Five Bad Debt Accounts NOT to Send to a Collection Agency

Posted by Marilyn Miller on August 08, 2014  /   Posted in Uncategorized

Collection agencies return millions back to businesses every year. A solid collection partner can be an invaluable member of your team. 

In order to get the best results, it is important to know which sorts of bad debt accounts you should and also, should not send to a collection agency.  If you want to get the best results in your bad debt recovery, then you should know that some accounts should never be sent to a collection agency. 

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As amazing as it may seem, each of these examples is taken from a real life collection file that has been submitted to us:

1. A bad debt that has been settled and paid for partial payment. When you agree to settle a balance, you agree to take a lesser amount. The settlement could be based on many factors, such as a service dispute, your need for cash flow, or the financial condition of the indebted party. Once the agreed amount is paid you are done. If you change your mind later, you are out of luck. Move on!

2. A payment plan that you no longer wish to honor. Hopefully, you have documented your payment plans. If you have a well documented plan, and the other party defaults, then all bets are off. But if you enter into a payment plan with someone who makes the payments as agreed, you cannot change the deal in midstream. We received a collection account from a client where the debtor was religiously paying the agreed amount. A new credit manager came in and did not think the payments were high enough. It was probably a bad deal, but it was the deal they made, and it had not been breached. In this case, the person in question was highly offended as he was really struggling to make the payments, and felt that he had honored his end of the deal, which he had. Not the kind of customer relations story you want to tell!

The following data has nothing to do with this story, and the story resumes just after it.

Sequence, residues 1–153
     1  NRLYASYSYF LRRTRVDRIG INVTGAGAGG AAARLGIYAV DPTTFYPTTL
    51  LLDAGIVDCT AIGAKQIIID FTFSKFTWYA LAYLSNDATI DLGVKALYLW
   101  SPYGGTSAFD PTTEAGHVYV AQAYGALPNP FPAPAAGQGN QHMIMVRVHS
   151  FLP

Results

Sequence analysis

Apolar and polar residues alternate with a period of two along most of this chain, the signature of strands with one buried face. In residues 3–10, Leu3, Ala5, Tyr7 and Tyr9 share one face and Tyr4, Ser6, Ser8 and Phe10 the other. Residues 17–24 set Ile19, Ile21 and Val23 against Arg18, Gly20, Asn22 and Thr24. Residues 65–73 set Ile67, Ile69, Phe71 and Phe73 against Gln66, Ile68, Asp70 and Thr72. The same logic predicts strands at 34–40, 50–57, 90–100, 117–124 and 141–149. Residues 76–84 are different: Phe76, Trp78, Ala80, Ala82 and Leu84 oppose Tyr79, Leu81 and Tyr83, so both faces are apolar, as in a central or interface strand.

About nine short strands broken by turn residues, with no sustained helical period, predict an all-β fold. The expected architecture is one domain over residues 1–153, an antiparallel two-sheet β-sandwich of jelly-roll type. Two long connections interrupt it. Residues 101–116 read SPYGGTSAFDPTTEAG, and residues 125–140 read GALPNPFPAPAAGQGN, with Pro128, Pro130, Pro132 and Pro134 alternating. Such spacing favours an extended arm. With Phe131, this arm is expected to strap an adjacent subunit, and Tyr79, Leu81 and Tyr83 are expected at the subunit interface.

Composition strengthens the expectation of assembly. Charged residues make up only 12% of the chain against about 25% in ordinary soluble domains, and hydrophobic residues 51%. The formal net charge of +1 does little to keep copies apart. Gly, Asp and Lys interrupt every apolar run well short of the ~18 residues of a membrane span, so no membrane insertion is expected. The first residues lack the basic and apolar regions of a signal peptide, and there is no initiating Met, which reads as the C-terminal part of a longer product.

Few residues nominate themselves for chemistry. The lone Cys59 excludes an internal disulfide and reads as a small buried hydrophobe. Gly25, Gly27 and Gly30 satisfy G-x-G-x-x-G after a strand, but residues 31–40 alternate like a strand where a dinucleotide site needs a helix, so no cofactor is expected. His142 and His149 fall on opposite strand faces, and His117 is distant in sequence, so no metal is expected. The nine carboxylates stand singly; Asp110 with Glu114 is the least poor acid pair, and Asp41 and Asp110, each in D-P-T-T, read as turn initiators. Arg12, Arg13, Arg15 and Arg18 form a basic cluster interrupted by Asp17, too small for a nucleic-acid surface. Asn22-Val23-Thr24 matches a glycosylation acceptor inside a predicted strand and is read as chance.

3. A debt that has been sold, assigned or factored. Factoring is selling a debt to a third party for a reduced price. It is used to infuse cash into a business. The third party owns the right to pursue the debt,  

4. A debt that you cannot document. If you cannot prove someone owes you money, it will be difficult, if not impossible for you to collect money. Need I say it again…contract, contract, contract.

5. A debt based on a personal vendetta. You agree to do work for Uncle Tamoush for a reduced price, or for free. Uncle Tamoush and you have a falling out, and you decide to stick it to him by sending him a bill and sending him to collections. Bad debt recovery is not about revenge. It is about getting you paid.

Which accounts perform best in collections? Generally, any service or product that you have delivered (and can document) can work. If you know that your customer values their credit rating or would possiby need your services in the future, then your collection agency can help provide leverage. Collection agencies can certainly handle some disputes, and but more complex disputes may have to be referred for legal action

What types of accounts do you believe are best handled by a collection agency? We’d love to hear from you.

Are you looking to hire a collection agency? Download our free e-book to help you choose the right agency.

 

 

 

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